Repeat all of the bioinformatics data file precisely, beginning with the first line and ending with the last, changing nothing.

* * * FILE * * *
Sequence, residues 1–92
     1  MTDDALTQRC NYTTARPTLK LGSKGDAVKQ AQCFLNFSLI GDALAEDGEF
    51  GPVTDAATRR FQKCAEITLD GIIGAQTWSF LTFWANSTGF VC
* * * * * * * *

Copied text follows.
Sequence, residues 1–92
     1  MTDDALTQRC NYTTARPTLK LGSKGDAVKQ AQCFLNFSLI GDALAEDGEF
    51  GPVTDAATRR FQKCAEITLD GIIGAQTWSF LTFWANSTGF VC